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An Introduction to the Deferred Sales Trust

Deferred Sales Trusts combine the tax treatment of installment sales under Section 453 of the IRC with the flexibility and safety of a trust arrangement. This strategy allows investors to defer their capital gains tax liability on appreciated assets over an extended timeframe of their choosing, rather than paying their taxes as a lump sum.


Tax attorney and accountant Todd Campbell was acutely familiar with Section 453 of the Internal Revenue Code (IRC). He often invoked the nearly century-old provision, which allows taxpayers to defer capital gains taxes through installment sales, to help lower his clients’ tax burdens.

But conventional installment sales, which Section 451(b)(1) defines as “a disposition of property where at least 1 payment is to be received after the close of the taxable year in which the disposition occurs,” are saddled with counterparty risk.

After all, sellers hoping to defer taxes on a highly-appreciated asset depend on the buyer to make good on their promise to pay the seller in subsequent years. And if the buyer defaults, the seller will have to contend with foreclosure—a lengthy, expensive, and inconvenient process for all involved.

Eager to bypass the risks associated with conventional installment sales, Campbell set out to create a proprietary type of installment sale, and in the late 1990s, he trademarked the Deferred Sales Trust (DST). By involving a trust with a seller-appointed trustee, DSTs mitigate the downsides of conventional installment sales while leaving intact the tax benefits of realizing gains over multiple years.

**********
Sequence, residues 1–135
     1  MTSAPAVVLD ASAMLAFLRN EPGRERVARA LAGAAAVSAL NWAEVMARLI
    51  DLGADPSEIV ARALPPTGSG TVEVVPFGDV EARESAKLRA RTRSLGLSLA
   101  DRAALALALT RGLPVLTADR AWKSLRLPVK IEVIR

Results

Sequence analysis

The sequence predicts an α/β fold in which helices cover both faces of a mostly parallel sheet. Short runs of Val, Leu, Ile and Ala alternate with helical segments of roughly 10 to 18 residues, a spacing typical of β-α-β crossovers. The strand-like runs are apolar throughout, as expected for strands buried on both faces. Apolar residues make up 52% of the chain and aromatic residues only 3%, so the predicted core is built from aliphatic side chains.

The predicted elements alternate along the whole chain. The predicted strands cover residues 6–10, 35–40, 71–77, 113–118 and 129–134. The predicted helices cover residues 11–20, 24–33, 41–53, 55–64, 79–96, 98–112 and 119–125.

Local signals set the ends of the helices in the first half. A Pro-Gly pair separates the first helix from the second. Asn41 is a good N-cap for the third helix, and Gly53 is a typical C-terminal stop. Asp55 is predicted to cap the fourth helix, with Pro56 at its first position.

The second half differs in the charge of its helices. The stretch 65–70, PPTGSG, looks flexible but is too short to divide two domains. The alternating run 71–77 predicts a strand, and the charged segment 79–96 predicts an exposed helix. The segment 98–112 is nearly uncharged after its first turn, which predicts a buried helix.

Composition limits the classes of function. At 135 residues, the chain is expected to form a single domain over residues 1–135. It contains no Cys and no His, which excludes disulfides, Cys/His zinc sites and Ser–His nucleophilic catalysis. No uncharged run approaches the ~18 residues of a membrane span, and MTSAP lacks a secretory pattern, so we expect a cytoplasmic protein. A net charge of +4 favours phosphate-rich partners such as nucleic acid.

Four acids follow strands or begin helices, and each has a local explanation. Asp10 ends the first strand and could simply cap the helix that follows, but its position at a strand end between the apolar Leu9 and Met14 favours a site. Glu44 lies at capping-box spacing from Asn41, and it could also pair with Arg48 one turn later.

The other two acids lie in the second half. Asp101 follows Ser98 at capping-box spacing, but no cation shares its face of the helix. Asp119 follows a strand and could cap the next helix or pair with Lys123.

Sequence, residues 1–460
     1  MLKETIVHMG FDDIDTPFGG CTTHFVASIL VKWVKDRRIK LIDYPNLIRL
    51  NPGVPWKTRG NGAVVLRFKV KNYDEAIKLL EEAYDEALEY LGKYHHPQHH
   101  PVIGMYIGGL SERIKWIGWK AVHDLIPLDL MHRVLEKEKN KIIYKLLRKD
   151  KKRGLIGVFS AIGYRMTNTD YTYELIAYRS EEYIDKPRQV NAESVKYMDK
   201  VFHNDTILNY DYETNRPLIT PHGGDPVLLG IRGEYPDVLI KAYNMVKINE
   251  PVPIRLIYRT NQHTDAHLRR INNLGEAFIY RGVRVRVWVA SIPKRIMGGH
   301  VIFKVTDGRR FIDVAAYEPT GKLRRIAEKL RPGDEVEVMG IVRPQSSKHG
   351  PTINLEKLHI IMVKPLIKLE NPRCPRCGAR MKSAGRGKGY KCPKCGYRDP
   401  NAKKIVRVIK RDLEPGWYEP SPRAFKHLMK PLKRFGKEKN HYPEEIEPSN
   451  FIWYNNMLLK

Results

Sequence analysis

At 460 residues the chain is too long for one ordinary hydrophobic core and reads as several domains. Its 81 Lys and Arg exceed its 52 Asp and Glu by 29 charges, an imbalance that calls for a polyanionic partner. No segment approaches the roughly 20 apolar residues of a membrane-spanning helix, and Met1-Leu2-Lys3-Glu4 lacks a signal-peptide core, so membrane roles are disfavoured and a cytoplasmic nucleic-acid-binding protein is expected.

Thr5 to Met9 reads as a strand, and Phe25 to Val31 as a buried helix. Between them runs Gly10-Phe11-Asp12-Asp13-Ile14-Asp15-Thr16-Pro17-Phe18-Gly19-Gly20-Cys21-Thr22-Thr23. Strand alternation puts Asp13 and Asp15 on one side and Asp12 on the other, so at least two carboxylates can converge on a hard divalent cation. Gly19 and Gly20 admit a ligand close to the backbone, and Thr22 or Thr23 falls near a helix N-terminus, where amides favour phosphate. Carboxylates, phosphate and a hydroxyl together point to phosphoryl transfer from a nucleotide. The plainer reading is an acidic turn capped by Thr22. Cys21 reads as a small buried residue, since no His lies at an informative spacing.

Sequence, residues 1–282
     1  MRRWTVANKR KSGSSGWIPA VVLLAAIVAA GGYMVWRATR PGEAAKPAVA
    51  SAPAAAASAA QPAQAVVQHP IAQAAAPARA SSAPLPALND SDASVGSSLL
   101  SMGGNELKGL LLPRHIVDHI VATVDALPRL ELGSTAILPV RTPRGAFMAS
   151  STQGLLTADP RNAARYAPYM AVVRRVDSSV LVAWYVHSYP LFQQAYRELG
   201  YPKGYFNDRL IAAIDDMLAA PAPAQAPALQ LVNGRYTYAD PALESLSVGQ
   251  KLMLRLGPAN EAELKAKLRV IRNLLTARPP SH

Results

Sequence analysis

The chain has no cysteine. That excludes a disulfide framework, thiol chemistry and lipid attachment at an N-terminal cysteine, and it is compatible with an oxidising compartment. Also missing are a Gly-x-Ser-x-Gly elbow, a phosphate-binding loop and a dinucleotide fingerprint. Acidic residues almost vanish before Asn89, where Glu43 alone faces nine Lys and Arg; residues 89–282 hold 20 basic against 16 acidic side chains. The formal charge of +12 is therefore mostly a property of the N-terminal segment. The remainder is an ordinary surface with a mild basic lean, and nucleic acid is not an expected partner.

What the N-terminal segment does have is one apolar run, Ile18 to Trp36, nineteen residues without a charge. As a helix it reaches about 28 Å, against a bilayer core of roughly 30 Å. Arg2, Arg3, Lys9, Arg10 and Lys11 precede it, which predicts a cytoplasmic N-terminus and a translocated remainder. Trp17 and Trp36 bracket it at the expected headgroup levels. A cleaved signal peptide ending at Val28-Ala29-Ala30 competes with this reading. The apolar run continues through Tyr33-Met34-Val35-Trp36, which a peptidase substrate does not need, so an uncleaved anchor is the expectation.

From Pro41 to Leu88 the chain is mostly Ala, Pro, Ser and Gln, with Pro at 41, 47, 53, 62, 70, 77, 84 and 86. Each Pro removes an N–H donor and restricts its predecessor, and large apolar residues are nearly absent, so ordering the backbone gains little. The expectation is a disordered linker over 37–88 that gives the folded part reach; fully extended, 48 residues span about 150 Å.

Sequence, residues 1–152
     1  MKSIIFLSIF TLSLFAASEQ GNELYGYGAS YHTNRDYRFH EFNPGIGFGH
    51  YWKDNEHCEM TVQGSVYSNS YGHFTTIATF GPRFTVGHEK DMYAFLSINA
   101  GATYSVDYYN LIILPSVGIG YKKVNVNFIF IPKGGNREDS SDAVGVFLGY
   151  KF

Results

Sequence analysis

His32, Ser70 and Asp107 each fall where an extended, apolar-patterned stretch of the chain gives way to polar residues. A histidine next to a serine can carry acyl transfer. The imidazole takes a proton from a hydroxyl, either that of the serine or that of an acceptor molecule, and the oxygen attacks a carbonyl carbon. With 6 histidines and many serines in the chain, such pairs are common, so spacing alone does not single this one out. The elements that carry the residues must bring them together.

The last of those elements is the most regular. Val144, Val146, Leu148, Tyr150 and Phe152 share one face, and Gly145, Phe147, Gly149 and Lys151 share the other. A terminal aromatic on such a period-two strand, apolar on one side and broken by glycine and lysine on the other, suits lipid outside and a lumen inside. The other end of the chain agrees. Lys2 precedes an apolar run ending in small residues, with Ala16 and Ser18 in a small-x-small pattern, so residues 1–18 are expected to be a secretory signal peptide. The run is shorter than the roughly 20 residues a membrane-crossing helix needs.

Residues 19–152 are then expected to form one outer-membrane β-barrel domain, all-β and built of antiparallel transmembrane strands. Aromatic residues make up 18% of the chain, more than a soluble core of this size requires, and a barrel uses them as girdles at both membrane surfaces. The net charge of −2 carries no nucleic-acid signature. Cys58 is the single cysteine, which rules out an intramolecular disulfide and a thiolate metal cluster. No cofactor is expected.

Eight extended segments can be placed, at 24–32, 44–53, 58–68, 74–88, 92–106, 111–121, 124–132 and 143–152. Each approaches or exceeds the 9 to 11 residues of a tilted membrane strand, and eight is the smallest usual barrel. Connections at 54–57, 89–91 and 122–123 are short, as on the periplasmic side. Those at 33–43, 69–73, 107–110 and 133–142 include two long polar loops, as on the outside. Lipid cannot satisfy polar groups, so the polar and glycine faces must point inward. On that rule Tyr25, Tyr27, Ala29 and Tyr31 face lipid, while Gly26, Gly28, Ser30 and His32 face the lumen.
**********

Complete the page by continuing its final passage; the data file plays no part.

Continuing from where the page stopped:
What is a Deferred Sales Trust?

A DST is a legal agreement between an investor and a third-party trust in which the investor transfers their property or business interest to the trust in return for a promissory note or deferred installment contract. The contract outlines the predetermined future payments, known as installments, that the investor will receive over an agreed-upon period.

In essence, DSTs combine the tax treatment of installment sales under Section 453 of the IRC with the flexibility and safety of a trust arrangement. This strategy allows investors to defer their capital gains tax liability on appreciated assets over an extended timeframe of their choosing, rather than paying their taxes as a lump sum.

At the same time, investors maintain control over the proceeds from the sale of their appreciated assets through a trustee they select and may be able to influence limited influence over the way proceeds are invested while in trust.